Jes Staley loses £300,000 on his first day as CEO at Barclays

James Jes Staley
James ‘Jes’ Staley, Chief Executive Officer,Investment Bank J.P. Morgan speaks at the Robin Hood Veterans Summit at Intrepid Sea-Air-Space Museum on May 7, 2012 in New York City. Getty

Imagine starting a new job and just before you walk through the door you’ve lost hundreds of thousands of pounds.

Well, that is exactly what happens to former hedge fund executive James ‘Jes’ Staley when he becomes Barclays’ new CEO today.

Staley bought a large chunk of shares following confirmation of his appointment in October as a permanent replacement of Antony Jenkins. This is the usual port of call for any executive — buying shares in the company you lead tells investors you’re invested making the company better and are dedicated to growing dividend.

However, Staley paid 233p for each of the 2.8 million shares on November 4. However, as of yesterday, the stock closed at 223p. That means he has already lost £300,000 ($452,896) of his own money.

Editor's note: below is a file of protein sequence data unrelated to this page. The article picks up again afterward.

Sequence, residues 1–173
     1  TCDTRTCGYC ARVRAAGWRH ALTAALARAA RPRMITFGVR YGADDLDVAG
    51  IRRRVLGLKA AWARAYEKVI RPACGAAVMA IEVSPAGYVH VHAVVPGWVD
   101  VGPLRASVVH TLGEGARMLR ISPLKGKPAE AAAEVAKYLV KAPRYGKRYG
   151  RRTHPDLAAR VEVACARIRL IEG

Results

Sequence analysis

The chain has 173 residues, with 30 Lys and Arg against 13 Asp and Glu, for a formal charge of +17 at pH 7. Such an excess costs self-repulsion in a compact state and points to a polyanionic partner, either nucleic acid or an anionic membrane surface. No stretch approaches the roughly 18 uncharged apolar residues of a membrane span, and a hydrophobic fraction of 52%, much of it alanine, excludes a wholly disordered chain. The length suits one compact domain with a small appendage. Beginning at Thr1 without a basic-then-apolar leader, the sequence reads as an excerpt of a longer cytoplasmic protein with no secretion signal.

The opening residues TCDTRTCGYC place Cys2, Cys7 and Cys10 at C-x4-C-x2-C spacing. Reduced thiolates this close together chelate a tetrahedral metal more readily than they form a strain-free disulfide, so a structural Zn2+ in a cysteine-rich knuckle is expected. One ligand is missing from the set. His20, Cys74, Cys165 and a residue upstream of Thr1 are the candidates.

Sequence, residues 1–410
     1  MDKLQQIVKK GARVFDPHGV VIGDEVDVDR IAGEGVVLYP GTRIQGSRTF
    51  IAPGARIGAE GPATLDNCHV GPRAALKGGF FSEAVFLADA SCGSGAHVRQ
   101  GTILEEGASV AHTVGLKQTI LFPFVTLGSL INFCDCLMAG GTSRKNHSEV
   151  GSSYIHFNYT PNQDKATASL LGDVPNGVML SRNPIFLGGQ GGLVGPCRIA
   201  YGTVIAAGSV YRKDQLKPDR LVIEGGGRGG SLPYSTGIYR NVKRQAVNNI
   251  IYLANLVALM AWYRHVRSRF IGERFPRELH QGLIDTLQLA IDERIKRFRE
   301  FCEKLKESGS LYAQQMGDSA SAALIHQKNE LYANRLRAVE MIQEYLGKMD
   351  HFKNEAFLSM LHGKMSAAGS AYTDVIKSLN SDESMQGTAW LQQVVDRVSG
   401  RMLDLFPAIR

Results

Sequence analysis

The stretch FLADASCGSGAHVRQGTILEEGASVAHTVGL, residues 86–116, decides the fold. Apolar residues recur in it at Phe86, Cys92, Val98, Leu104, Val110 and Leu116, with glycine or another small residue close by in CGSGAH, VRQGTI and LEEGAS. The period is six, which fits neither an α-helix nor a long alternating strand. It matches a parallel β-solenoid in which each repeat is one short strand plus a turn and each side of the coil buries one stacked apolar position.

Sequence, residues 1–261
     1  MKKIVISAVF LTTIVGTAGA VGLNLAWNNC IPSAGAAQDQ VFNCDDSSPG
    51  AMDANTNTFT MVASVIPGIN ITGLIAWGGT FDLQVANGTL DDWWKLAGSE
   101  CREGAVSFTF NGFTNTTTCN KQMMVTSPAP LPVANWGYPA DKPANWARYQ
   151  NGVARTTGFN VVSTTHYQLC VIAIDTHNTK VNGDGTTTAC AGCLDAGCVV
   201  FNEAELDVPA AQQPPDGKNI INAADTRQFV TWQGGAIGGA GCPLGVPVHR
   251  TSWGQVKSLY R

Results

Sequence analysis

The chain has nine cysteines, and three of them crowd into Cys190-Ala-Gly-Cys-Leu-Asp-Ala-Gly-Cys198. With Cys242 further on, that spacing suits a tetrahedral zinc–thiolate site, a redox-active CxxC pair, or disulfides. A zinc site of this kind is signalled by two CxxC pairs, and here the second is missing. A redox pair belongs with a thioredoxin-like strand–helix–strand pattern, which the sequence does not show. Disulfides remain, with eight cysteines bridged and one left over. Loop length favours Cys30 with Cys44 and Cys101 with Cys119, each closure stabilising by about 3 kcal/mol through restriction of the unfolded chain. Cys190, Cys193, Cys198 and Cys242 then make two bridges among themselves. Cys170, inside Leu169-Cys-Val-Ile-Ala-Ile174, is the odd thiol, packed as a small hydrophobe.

But it’s not too bad for Staley in the long run.

He still receives an annual salary of £1.2 million and an extra £1.15 million delivered in shares subject to a holding period with restrictions lifting over five years as well as a cash allowance in lieu of pension of 33% of his salary — known as role-based pay.

Staley also received cash to help relocate him from the US to the UK.

His bonus includes a discretionary incentive award up to a maximum value of 80% of fixed pay and an award under the Barclays Long Term Incentive Programme up to a maximum value at grant of 120% of fixed pay.

Prior to joining Barclays, Staley was a hedge fund manager at the US-based BlueMountain Capital. Two years before that he was the CEO of JPMorgan’s investment banking and asset-management unit. He oversaw the bank’s “expansion into alternative investments” and earned huge sums even during the credit crisis, when his bank had to use some of the US government’s temporary bailout funds.

NOW WATCH: How a successful investment banker used insider information to bankroll his mistress and child